An accessor robot 18, including a cartridge picker 20 and a bar code reader 22 mounted on the picker, transports a selected cartridge 14 between a storage slot 16 and a drive 12.

An example of an automated data storage library 10 is the IBM 3575 Tape Library Dataserver, which stores magnetic tape cartridges and employs 3570 tape drives.

The library 10 also includes a library controller 31 which comprises at least one micro-processor. The library controller may serve both to provide the inventory of the entire library and to control the library. Typically, the library controller 31 comprises at least one data processor and suitable memory and data storage capability to control the operation of the library 10. The library controller 31 may comprise any suitable microprocessor, such as an IBM RS/6000 processor.

The library controller 31 controls the actions of the accessor robot 18. The conventional library controller 31 is interconnected through a provided interface to one or more host processors, which provides commands requesting access to particular tape media or to media in particular storage slots. The host, either directly, or through the library controller, controls the actions of the data storage drives 12 (through their associated controllers). Commands for access to data or to locations on the tape media and information to be recorded on, or to be read from, selected tape media are typically transmitted directly between the drives 12 and the host. The library controller 31 is typically provided with a database, which includes tables and programs, typically for locating the tape cartridges in the appropriate storage slots 16 and for maintaining the inventory of the tape cartridges.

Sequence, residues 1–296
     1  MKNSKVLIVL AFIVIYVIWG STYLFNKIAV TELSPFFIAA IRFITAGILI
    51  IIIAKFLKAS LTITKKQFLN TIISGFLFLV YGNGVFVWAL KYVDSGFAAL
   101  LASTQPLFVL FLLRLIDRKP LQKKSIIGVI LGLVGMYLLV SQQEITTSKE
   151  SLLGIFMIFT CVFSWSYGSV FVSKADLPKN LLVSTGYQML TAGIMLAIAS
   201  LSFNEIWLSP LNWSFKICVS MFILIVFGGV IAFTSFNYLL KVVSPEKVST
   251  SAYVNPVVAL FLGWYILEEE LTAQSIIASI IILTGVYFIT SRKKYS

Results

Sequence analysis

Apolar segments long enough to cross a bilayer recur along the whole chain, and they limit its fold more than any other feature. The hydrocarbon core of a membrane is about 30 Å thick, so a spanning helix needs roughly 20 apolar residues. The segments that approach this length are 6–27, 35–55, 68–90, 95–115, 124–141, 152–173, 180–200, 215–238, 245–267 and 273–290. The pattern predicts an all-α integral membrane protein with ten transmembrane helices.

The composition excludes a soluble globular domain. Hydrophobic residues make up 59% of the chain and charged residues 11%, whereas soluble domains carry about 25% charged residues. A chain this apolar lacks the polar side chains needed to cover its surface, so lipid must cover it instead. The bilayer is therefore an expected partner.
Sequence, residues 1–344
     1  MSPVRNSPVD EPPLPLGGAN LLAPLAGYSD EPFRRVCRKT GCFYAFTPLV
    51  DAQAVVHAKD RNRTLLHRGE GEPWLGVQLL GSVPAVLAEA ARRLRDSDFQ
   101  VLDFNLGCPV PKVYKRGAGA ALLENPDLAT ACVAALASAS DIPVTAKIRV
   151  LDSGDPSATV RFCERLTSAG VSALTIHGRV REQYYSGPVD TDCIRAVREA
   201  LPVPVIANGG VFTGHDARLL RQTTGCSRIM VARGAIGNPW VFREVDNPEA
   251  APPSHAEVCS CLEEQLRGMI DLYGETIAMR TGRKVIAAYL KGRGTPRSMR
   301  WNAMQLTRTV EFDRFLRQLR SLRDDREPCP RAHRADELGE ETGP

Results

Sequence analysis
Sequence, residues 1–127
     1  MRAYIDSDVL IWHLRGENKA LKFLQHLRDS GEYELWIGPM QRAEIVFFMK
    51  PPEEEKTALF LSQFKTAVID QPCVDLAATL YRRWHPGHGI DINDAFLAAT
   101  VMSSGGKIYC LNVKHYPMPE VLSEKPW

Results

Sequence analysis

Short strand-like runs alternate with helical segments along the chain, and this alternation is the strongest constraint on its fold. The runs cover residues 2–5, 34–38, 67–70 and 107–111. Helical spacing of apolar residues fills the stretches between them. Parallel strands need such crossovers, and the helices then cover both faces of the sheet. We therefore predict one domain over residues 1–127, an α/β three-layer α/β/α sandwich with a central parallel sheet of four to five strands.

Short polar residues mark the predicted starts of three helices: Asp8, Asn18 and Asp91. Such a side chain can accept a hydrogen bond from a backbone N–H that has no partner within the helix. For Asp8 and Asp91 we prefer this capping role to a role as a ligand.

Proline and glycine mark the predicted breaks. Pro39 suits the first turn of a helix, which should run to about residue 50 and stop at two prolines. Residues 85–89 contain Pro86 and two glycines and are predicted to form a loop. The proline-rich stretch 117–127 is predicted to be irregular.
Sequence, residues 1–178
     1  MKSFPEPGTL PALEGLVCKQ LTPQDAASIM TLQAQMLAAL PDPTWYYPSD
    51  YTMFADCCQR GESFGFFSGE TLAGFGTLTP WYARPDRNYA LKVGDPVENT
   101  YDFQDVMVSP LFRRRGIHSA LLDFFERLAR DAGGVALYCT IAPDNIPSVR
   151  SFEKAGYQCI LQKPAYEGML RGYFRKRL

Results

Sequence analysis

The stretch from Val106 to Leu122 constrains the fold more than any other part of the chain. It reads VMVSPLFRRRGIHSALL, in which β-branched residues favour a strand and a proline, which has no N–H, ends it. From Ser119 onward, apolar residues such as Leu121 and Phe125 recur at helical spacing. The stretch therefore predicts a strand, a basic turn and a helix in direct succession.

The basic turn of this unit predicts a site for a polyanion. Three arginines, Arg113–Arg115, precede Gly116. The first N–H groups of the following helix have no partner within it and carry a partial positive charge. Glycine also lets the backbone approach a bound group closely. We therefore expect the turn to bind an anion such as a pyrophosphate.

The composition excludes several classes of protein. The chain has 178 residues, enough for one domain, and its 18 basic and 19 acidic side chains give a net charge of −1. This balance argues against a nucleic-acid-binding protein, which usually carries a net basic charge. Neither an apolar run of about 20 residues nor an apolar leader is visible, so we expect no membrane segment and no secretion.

The accessor robot 18 typically includes servos, motors, arms, the picker 20 with grippers, sensors and other robotic, mechanical and electrical equipment to perform functions that include (at least) the accessing and transporting of tape media between and among the storage slots 16 and the tape drives 12.

As described above, the speed of access to a cartridge stored in an automated tape library, such as an IBM 3575 Tape Library Dataserver, is limited by the amount of time required to retrieve the cartridge from its storage slot and move the cartridge and deliver it to the tape drive. Then, the cartridge is loaded into the tape drive. Once the cartridge is loaded, an additional period of time is required to thread or move the tape media so that it is in proximity to the tape head.

However, when that cartridge stores data in a serpentine pattern, the speed of initial access to the data is slowed even further.